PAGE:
A good friend of mine, Sarina, and I led a group of ten Georgia Southern students to New Orleans for a week of service and social justice education. This is why I like to title this post “The Alternative Travel Guide” because this was a service trip- not a recreational vacation. This was through the Alternative Breaks program at my school. We worked together beforehand to combat the ever-controversial issue of voluntourism. I am excited to share with you what we did, where we went, and all of the tips and tricks in between so you can have a successful volunteer experience while being conscious of the environment, people, and social issues you might be working with.
Our group of ten went to serve at the local animal rescue center, also known as ARNO. We would wake up early in the morning to make ourselves breakfast and coffee, pack our lunches, and to have time together before we would split into different teams for the day. We would arrive at our destination at 9 a.m. and would split into Dog Team, Cat Team, and Chore Team. The staff at ARNO was extremely friendly, helpful, and answered the many, many questions we had about the animals and facility. Our tasks for the day would include cleaning dog and cat kennels, folding laundry, doing dishes, sanitizing litter boxes, socializing and bathing animals.
This was an indoor/outdoor facility, so layering for service was extremely important, especially in December. Temperatures tend to change super quickly during this time. I packed old clothes that I did not mind donating to the shelter afterward (and also made my load a lot lighter on the road trip back to Georgia). It is a good idea to have options on hand- such as a t-shirt, flannel, and sweatshirt on. I would wear thermal leggings with running shorts over them, in case I became hot and needed to take off my leggings. Wearing shorts over my leggings also prevented the animals from clawing into my leggings and ripping them, which was an added bonus.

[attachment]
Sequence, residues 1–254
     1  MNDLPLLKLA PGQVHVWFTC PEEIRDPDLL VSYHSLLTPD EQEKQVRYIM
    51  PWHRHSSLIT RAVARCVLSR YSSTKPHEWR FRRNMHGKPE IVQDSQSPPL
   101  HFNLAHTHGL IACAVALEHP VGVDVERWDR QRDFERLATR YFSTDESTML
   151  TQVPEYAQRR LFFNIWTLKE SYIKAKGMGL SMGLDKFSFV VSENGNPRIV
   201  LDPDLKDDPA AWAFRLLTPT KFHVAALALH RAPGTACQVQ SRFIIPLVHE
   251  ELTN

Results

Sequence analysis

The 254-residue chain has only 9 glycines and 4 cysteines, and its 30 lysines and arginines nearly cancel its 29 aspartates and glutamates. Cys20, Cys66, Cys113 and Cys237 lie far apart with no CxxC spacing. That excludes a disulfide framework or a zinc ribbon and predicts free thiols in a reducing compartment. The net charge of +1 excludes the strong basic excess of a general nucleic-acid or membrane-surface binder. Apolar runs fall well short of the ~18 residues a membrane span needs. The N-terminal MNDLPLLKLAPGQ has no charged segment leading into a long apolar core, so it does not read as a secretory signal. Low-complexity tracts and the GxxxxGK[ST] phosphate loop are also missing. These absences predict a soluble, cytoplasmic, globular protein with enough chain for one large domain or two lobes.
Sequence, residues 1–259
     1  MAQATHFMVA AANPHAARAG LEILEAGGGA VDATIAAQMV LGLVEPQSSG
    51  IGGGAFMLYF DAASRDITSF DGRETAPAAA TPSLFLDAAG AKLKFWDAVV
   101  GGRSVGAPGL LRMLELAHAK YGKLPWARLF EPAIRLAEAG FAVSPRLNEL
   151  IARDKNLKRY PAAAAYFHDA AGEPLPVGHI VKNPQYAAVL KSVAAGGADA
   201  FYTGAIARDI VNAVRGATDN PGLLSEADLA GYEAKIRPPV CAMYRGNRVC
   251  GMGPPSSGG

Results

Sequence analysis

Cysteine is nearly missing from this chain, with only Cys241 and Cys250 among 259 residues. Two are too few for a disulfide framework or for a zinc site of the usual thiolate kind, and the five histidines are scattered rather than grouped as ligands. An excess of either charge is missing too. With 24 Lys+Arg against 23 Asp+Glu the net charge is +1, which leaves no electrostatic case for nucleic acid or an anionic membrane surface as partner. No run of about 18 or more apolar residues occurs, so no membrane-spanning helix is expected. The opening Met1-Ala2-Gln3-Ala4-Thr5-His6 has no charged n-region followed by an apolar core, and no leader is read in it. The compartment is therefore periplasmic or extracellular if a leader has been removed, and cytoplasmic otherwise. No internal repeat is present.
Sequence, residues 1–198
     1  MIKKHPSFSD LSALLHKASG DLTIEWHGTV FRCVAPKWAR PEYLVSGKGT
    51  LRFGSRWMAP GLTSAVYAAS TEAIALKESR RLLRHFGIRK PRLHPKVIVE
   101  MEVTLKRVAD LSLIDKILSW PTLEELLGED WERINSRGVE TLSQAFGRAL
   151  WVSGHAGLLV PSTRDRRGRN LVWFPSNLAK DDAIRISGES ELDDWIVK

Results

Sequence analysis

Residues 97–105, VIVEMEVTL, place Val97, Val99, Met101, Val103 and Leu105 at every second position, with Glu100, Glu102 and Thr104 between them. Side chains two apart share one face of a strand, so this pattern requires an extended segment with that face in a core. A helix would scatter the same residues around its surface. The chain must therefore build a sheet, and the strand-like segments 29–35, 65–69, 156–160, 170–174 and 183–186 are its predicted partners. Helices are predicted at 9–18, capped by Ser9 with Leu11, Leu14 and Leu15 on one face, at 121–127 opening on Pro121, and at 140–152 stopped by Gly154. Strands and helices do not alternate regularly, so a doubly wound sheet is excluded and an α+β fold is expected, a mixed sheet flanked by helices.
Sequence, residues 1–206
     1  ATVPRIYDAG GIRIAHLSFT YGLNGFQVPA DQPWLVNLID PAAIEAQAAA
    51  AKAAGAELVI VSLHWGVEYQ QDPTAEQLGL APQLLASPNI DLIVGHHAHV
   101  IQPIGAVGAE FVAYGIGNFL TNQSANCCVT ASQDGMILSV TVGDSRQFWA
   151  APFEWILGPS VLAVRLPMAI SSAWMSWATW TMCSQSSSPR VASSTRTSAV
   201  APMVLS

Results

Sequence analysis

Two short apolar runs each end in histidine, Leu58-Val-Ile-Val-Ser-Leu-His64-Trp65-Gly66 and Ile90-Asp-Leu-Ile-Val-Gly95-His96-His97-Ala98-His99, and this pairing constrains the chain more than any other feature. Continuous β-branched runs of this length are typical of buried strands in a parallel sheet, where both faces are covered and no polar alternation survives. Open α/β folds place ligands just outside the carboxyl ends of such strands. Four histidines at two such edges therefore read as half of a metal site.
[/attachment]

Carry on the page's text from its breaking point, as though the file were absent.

After service, we would come back to our cozy and eccentric hostel, “The India Hostel.” This was my second time staying here and I can not rave enough about it. The staff is very friendly and helpful, the rooms and common areas are clean, and the other travelers are extremely personable. The hostel provided sheets, blanket, a pillow, towel, and washcloth in our rooms. They serve dinner there for $5 a plate or you can make your own dinners in the community kitchen (which is what we did most nights). During meal times, the kitchen and dining areas can get pretty crowded- so if you are claustrophobic or get over-stimulated very easily, I would wait until unpopular hours to make your meals. Also, there are two living areas, one with a TV and one with a nice fireplace. This seems to be a popular place to hang-out and talk with others. They have a nice “take one leave one” library and a ton of board games to choose from! The outside area is very quirky with string lights, artwork, and a beautiful garden. Although it was too cold for us to use, they have a nice pool, too.
Like I said earlier, we took initiatives to combat which I believe voluntourism: using reusable water bottles, recycling, taking public transportation, living cheaply- staying in a hostel or air BnB, and supporting local business in our purchases (we went to Cafe Du Monde, Parkway Poor Boy’s, Cafe Beignet, and Southern Candymakers.)
For our leisure time, we walked around the French Quarter, the French Market, supported local artists by buying locally made items. We took the Street Car Trolley which cost about $3 a day using the RTA app. Overall, have a flexible itinerary- within a big group, it is easy to have very Type A personalities and very go with the flow personalities- make sure both are accommodated for.
I hope you chose to take time educate yourself on the different social issues our communities are facing. Reflecting on the diversity and learning about the type of impact you can make is extremely important. Check out a few of these resources to find out more!